Geralyn Wichers

"Life is a great adventure, or nothing"

Inspiring thoughts on how accepting reality can combat stress and suffering in our lives. The following is condensed from Should I Fire My Doctor, by Patricia J. Sulak, MD.

dropsStress is inevitable. Suffering is optional. In my pursuit of wellness, I have come across this concept multiple times. I agree. We need to Stifle Stress, and we can then Sever Suffering. How do we decrease the stress in our lives? It does not matter if I am reading the words of Greek philosophers, the Buddha, Confucious, C.S. Lewis, or the New Testament–the answer is the same. We suffer when we argue with reality (or many call it arguing with God).

Rules of Reality cause us to suffer if we deal ineffectively with them. I have narrowed them down to four.

Reality Rule #1: Life is unpredictable. Even though we all know this, it doesn’t seem to keep us from stressing out over the unexpected… It may be the traffic jam on the way to an appointment, the unwanted mammogram results, the layoffs at work, or the phone call with bad news about a friend.

Solution to Reality Rule #1: Expect the Unexpected. Rather than each morning waking up hoping that everything will go the way you want, expect the unexpected. Ask yourself, “I wonder what is going to happen today something not on my radar, that I will need to deal with…?” …we can train ourselves to deal with events in a thoughtful fashion with improved outcomes.

Reality Rule #2: Life is Transient. Most of use believe, or say we believe, that there is a better place after death, usually referred to as heaven. Although often described as the ultimate five-star luxury residence–with no demands, dealines, or discomforts–none of use seem in a hurry to reach that destination… Although we know that death is inevitable and happens unexpectedly every day to many, we hope it won’t be a family member, a friend, or us. But, one day it will…

One patient who came for her annual visit announced that her husband had died unexpectedly three months ago. They had been married over 35 years. I asked her how she was doing. She smiled and told me she was not going to live in misery but was going to cherish and honor the time they had together. This was the total opposite of some of the patients, who over ten years after the death of their spouses, “still can’t get over his being gone.”

Solution to Reality Rule #2: Life is Precious. Cherish each moment.

Reality Rule #3: I’m not in control of most of life’s events. While we can decrease adverse and demanding circumstances and manage many aspects of our lives, we are not in control of most daily events. I cannot control the weather or traffic. I cannot control what people say about me. I cannot control what people do to me. I cannot control many things that happen in my life.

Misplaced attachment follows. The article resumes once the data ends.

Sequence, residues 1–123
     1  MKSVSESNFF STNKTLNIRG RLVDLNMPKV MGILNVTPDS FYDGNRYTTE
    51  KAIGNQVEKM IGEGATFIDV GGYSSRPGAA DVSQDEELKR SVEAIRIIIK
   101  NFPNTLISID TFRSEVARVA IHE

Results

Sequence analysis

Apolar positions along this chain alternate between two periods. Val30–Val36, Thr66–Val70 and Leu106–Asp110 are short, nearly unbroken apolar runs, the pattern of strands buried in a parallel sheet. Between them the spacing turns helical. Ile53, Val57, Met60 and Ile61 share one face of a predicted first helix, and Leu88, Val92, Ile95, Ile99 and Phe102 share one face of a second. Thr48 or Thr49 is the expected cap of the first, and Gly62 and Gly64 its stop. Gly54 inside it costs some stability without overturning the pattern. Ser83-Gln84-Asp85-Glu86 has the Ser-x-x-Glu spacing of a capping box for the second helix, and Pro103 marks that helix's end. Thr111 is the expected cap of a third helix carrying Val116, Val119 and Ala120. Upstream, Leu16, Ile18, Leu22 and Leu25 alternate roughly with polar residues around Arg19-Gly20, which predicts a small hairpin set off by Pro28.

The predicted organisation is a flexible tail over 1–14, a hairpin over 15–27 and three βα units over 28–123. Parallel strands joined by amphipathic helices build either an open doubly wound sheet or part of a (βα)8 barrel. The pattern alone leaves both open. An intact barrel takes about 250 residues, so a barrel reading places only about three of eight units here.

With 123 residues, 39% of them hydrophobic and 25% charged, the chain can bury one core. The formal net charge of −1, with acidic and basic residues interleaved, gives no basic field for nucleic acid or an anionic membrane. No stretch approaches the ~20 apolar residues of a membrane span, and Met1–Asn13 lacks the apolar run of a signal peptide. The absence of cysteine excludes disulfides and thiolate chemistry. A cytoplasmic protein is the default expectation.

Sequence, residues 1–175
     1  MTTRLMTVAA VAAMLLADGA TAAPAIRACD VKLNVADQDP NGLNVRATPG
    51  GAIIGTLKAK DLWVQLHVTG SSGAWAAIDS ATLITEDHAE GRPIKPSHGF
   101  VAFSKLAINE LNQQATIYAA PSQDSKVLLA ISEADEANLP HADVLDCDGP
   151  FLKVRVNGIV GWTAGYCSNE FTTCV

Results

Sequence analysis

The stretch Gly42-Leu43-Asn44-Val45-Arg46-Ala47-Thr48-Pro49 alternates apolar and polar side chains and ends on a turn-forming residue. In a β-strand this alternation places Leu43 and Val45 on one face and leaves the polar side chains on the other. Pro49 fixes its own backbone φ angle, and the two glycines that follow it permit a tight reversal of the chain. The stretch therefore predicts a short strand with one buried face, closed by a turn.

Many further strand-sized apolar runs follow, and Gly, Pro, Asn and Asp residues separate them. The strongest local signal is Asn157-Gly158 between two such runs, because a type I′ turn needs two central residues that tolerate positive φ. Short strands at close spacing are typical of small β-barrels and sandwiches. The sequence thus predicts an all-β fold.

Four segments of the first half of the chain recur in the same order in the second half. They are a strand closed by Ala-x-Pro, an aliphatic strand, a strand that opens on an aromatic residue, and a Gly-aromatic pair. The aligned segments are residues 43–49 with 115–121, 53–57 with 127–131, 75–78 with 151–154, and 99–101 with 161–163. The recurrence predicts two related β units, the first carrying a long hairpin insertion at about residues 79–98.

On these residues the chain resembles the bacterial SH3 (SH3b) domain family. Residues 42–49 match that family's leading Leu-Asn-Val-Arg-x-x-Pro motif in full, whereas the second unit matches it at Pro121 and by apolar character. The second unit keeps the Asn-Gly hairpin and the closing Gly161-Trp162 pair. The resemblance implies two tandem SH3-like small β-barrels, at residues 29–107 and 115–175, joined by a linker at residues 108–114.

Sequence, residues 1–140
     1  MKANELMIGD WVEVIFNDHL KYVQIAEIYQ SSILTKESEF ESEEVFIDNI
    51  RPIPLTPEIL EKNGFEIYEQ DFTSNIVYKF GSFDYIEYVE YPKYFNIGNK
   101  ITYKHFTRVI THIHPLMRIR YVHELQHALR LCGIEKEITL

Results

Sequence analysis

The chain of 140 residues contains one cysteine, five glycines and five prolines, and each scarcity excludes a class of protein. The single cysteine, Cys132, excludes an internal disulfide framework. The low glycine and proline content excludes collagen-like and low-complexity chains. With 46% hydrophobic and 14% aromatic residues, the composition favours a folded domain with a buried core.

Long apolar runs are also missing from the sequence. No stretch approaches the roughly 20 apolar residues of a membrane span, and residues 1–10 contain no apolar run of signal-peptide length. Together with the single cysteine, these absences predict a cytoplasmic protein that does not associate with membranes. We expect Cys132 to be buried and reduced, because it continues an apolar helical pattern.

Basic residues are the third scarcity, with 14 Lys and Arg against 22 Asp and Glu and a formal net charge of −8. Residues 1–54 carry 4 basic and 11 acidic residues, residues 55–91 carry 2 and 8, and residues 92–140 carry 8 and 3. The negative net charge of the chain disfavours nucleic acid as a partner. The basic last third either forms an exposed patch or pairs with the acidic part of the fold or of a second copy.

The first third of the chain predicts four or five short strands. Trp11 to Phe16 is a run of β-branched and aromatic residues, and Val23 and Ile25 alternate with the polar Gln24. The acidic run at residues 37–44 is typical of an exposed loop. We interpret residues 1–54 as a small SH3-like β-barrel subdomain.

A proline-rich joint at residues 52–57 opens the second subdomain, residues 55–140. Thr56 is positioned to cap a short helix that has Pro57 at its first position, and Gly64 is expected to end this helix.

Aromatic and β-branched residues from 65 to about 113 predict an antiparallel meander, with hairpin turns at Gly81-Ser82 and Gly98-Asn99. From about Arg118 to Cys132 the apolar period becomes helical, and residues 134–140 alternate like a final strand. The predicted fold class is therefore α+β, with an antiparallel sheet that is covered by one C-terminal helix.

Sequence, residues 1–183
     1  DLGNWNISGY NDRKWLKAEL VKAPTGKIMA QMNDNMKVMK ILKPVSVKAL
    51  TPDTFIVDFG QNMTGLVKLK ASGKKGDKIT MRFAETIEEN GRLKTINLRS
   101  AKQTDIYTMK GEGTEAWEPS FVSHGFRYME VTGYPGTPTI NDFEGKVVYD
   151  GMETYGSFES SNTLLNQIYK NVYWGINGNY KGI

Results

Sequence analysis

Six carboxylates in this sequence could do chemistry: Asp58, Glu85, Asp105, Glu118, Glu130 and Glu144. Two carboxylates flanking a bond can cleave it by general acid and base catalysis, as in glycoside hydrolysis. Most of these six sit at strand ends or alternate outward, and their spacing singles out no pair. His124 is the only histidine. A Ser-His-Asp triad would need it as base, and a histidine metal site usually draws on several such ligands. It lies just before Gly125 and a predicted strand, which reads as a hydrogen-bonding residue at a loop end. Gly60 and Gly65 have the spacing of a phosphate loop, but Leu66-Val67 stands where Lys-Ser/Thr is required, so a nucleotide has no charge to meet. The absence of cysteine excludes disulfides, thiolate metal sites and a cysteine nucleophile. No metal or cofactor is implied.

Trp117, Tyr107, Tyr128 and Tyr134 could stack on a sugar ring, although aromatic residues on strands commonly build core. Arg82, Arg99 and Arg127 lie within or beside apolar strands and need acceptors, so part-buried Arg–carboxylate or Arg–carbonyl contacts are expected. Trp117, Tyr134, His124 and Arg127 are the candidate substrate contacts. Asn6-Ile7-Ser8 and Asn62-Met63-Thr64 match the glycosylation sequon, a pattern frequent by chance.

Solution to Reality Rule #3: I can choose how I react to life’s events. …No one has stated this better than Victor Frankl, a survivor of Hitler’s concentration camps. He said, “The one thing you can’t take away from me is the way I choose to respond to what you do to me. The last of one’s freedoms is to choose one’s attitude in any given circumstance.”

Reality Rule #4: I am not perfect. This may be the last, but certainly not the least Reality Rule. When I say and do things that hurt others, it’s usually because I was thinking of myself and not being mindful. I was not focusing on where someone was coming from and why she said or did what she did. Or, I was trying to be helpful, but could have chosen different words or actions. I do things that personally don’t serve me well.

Solution to Reality Rule #4: There is room for improvement! I love the saying, “There are no mistakes, only lessons…” For everything I have done that did not serve others and me well, I can learn from the experience and help others and myself…

What about the times I have hurt people? I can use those experiences to improve my own behavior and be more understanding when people do things that hurt others. In fact, now when my husband and I catch ourselves saying something negative about someone, we try to remember to add the phrase “…just like me.”

(end quote)

I thought I’d share these thoughts with you, not because I’ve mastered them but because they’ve challenged me–particularly solution #4. I’d like to remember to add “…just like me” when I’m tempted to judge.
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2 thoughts on “The Four Rules of Reality

  1. Rik says:

    Just shared this – thanks.

    1. Thanks, Rik! Glad you enjoyed it.

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